Chiwetel Ejiofor, an actor I have always admired, gives a towering Award-worthy performance in the lead and Michael Fassbender is scary and horrible as the monster who tries to break Solomon’s spirit. This may be a movie you will not want to watch again but it is one that will keep you enraged and emotional for 2 hours.
4. Captain Phillips
Director Paul Greengrass (The Bourne Movies, United 93) delivers a white knuckle true life thriller about the hijacking of a US freighter by Somali pirates and the hostage situation surrounding the title character.
Tom Hanks gives another fully formed everyman performance with a few standout sequences that remind us why he is one of America’s treasures. This is a very tough movie to make since everyone knows the ending and there is actually very little action but Greengrass is such an expert filmmaker that he makes the rewarding climax and comedown a welcome relief from the constant tension he has created for the previous 2 hours.
3. Star Trek Into Darkness
JJ Abrams has done it again, making another thrilling and faithful movie for Trekkies and non-Trekkies alike. This time, he does not need to establish the world and build the chemistry between all his characters, so he can just get on with the non-stop action and beaming up, down and all-around of people. Benedict Cumberbatch gives a Hall of Fame villain performance in a great homage to a legendary Star Trek baddie.
Abrams and team know how to move the story at a breakneck pace while still servicing the story lines and Trek lore. There is still a lot more life in this franchise as they set up some elements for the next installment while wrapping up the self-contained story.
The success of these reboots and how well Abrams and team have cast the new Enterprise crew gives me a lot of faith that his take on the new Star Wars films will feel just as fresh and innovative The only bummer is that he probably won’t be able to helm more Trek movies due to his double duty on space epics.
2. American Hustle
David O. Russell is on a pretty phenomenal winning streak and seems to be cementing his status as a prolific and important filmmaker for years to come. After flirting with greatness and chaos over the first 10 years of his career (Three Kings, Flirting with Disaster, I Heart Huckabees), he also developed a reputation as a volatile and somewhat hostile personality which overshadowed his potential.
However, he seems to have mellowed out and his last 3 movies- The Fighter, Silver Linings Playbook, and American Hustle – have showed a huge jump forward in his ability to make great movies and get amazing performances out of his actors.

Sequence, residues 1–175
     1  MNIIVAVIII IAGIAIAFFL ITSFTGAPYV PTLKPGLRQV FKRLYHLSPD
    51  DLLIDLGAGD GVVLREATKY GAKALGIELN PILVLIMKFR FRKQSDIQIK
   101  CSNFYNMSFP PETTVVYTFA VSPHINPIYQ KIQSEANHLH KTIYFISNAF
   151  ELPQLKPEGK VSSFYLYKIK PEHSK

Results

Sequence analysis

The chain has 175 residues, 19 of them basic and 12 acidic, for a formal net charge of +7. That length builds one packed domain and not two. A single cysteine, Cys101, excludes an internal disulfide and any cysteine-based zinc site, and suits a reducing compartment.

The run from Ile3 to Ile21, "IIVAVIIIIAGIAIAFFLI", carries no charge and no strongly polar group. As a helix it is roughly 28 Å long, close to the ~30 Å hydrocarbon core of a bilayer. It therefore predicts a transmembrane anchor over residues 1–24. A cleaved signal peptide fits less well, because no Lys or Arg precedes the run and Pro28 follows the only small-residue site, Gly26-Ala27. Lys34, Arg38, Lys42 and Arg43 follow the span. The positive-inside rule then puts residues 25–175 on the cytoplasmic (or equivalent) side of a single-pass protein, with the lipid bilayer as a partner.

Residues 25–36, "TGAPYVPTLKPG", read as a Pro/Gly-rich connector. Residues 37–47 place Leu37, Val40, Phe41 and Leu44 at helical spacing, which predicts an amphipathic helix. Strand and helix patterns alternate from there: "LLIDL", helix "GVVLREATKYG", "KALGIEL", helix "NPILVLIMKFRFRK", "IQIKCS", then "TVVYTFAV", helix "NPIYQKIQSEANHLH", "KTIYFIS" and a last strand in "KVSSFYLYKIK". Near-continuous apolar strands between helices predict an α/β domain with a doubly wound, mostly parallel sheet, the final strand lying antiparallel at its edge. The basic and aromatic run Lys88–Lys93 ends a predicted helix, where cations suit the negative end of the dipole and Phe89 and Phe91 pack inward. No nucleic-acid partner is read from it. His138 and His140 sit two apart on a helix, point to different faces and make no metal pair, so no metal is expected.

That brings me to Hustle, a hilarious and dramatic take on the 1970’s Abscam scandal where an FBI agent (Bradley Cooper) uses two con men/women (Christian Bale & Amy Adams) to scam politicians and mobsters into bribery and corruption charges. Bale & Adams are simply amazing in their complex physical and emotional lead roles and the cast is filled out with another star turn by Jennifer Lawrence as Bale’s volatile wife, another strong turn by the ever improving Cooper, and a winning turn by Jeremy Renner as a politician willing to cross some lines to help his people.
The movie seems to get a little too wrapped up in its own plot in the third act but it’s hard to knock Russell for his ambitious endeavor. This movie in tone and spirit feels a lot like last year’s surprise winner Argo and given the right breaks, this one has the potential to be a major awards contender.
If you didn’t see this movie in the theatres, you definitely missed something special. I wasn’t able to see it in 3D and I probably missed something too. A visual and technical marvel about Sandra Bullock lost in space with and without George Clooney, this movie was a monster hit so I won’t recap the plot. It is a tight rope of tension and excitement for 90 straight minutes expertly directed by Alfonso Cuaron with some of the most amazing and complex shots you’ll see on the big screen.
The filming technique for this movie was incredibly tedious and technical so the riveting performance that Sandra Bullock gives in a role that asks her to sell real emotion along with ridiculously implausible action sequences is that much more impressive.
This is definitely a movie that will hold up over multiple viewings and will hopefully open new doors for the talented director.